Monday, November 1, 2010

Choosing The Land

Excerpt from "Old Salem - The Official Guidebook" by Penelope Niven and Cornelia Wright (click on the link to purchase your copy). Visit the official website of Old Salem Museums and Gardens
"The history of the Moravians comes to life at Old Salem. A unique religious group, the Moravians made the town of Salem an oasis of beauty and order in the Carolina back-country. Today in the workshops, homes, and gardens of Old Salem, men and women carry on the daily tasks of living just as they were done in the late eighteenth and early nineteenth centuries - crafting beautiful objects, running households and businesses, and  engaging in artistic and musical pursuits. This guide will help you make the most of your visit to Old Salem, one of the most authentic living-history museums in the United States."
Choosing The Land

August Gottlieb Spangenberg
After a grueling climb on foot and horseback "over terrible mountains, and often through very dangerous ways, " Bishop August Gottlieb Spangenberg and his traveling companions set up a rough camp in Carolina wilderness on November 29, 1752. "We are here in a region that has perhaps been seldom visited since the creation of the world," Spangenberg wrote in his diary. "We are some 70 to 80 miles from the last settlement in North Carolina... But, thank God, we are all well, cheerful, and content, and thankful to our Heavenly Father...."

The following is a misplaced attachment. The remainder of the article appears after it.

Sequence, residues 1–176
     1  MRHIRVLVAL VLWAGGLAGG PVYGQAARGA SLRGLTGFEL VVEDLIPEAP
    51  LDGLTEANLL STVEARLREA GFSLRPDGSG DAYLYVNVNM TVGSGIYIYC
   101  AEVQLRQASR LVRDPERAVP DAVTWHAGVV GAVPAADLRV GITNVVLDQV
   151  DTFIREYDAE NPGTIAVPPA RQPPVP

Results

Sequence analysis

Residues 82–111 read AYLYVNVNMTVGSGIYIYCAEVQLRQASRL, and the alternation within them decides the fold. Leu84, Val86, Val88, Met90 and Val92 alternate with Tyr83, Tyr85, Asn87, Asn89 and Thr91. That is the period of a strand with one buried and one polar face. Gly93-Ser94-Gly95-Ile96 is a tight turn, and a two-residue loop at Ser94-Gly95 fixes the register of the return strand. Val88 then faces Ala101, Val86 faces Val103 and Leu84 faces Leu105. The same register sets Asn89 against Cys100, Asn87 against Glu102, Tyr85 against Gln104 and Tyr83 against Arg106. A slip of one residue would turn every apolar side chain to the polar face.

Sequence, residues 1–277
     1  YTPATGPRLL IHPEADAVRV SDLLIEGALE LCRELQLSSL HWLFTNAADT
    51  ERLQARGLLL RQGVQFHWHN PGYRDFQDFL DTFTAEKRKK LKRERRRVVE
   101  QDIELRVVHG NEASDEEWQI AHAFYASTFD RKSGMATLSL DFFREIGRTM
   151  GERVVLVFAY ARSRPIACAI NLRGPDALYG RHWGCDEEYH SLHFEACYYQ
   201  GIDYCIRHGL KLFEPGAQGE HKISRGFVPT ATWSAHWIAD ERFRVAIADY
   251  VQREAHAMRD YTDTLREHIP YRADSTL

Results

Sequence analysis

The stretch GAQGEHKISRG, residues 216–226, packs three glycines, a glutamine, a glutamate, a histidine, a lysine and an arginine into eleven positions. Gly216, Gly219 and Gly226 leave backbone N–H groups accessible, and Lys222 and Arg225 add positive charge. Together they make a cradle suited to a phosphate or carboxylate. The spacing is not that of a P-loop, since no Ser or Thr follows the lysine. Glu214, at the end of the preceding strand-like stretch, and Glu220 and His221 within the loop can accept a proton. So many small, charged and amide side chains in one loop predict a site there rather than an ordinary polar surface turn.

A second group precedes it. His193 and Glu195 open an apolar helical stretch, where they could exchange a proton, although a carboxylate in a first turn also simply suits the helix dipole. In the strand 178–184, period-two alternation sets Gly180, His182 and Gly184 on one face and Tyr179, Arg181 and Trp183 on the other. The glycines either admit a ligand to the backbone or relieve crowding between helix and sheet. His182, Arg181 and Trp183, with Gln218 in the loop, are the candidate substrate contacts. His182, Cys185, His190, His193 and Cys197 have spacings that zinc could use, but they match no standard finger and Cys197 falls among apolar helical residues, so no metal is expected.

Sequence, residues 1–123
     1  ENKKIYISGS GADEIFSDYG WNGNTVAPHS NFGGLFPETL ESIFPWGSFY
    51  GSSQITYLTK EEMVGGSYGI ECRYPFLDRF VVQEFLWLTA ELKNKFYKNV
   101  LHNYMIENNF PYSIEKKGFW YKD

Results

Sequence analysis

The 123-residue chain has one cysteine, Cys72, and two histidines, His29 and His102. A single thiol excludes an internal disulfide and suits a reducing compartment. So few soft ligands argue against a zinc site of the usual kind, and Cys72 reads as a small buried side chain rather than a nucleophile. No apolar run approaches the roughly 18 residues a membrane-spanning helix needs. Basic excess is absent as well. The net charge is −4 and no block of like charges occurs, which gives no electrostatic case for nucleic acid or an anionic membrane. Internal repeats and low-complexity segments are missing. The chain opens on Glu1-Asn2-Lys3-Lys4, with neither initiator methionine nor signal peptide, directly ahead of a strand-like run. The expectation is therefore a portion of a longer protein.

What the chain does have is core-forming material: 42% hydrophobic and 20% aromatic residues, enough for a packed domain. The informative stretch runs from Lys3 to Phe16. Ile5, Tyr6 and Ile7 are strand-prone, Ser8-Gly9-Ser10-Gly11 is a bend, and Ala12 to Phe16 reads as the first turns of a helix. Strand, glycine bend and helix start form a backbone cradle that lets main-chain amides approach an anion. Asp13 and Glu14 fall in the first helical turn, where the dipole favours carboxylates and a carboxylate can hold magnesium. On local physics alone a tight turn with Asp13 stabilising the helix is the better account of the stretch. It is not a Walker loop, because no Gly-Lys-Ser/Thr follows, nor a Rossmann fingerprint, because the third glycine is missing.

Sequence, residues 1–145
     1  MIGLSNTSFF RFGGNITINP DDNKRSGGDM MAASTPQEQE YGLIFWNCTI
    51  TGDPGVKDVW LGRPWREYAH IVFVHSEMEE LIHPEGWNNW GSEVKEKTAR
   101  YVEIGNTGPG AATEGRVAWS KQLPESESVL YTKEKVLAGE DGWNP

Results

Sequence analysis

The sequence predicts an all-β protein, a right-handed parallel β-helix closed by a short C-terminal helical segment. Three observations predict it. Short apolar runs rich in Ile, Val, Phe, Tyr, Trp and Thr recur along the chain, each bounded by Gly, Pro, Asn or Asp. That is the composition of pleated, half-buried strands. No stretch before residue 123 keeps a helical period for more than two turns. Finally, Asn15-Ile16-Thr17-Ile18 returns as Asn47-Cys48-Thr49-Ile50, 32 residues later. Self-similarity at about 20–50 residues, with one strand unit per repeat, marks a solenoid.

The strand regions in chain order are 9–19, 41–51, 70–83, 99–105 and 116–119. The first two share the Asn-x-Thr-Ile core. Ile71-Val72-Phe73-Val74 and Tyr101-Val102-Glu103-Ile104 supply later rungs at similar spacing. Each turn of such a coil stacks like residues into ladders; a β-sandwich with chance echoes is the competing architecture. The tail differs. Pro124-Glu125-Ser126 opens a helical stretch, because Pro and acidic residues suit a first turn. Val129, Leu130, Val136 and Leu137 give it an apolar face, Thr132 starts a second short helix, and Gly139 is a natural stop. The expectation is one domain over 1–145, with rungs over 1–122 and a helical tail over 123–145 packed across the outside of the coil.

Spangenberg and his companions were Moravians, members of Unitas Fratrum, or the Unity of Brethren, as their church had long been known in Europe. The church was nearly three centuries old when John, Lord Carteret, Earl Granville offered the Moravians the opportunity to buy a hundred thousand acres of his land holdings in the Carolina Colony. Lord Granville was impressed with the success of the Moravian settlement in Bethlehem, Pennsylvania, as were many others.

In London, Parliament passed an act in 1749 to encourage the Moravians to "settle in His Majesty's Colonies in America," promising that the Moravian settlers would "be indulged with a full Liberty of Conscience, and the Exercise of the Religion they profess...."

August Spangenberg, then the Moravian Vicar General of America, was put in charge of choosing the land for the  Carolina settlement. He was 48 years old when he made the treacherous, exhausting trip from Pennsylvania to Edenton, North Carolina, and then to the far reaches of the Carolina frontier. Born in Germany, Spangenberg had already served as a university professor in Europe and a pioneer tin America. He led the first Moravian colonists to Georgia in 1735, and was a force in establishing the Morvians in Pennsylvania.

Spangenberg was as much at home on horseback in Indian country in the American colonies as he was serving on the central boards of the Moravian church in Europe. He was a man who could lead a worship service; track buffalo; tramp unexplored woodland with a surveyor; plan a vast settlement; negotiate complex financial arrangements; write a lengthy diary and several books; and mediate religious and secular disputes. His versatility, vigor and vision made Spangenberg not only the ideal Moravian but the ideal citizen in eighteenth century America.

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